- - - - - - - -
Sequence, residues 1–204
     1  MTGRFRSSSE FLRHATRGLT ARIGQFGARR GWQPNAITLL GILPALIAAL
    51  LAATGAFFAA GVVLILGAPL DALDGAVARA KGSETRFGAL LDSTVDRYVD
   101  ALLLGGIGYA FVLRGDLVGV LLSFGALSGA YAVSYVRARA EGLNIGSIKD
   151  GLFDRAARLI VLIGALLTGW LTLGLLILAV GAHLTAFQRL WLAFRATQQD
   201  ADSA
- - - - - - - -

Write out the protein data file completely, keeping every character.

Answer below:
Sequence, residues 1–204
     1  MTGRFRSSSE FLRHATRGLT ARIGQFGARR GWQPNAITLL GILPALIAAL
    51  LAATGAFFAA GVVLILGAPL DALDGAVARA KGSETRFGAL LDSTVDRYVD
   101  ALLLGGIGYA FVLRGDLVGV LLSFGALSGA YAVSYVRARA EGLNIGSIKD
   151  GLFDRAARLI VLIGALLTGW LTLGLLILAV GAHLTAFQRL WLAFRATQQD
   201  ADSA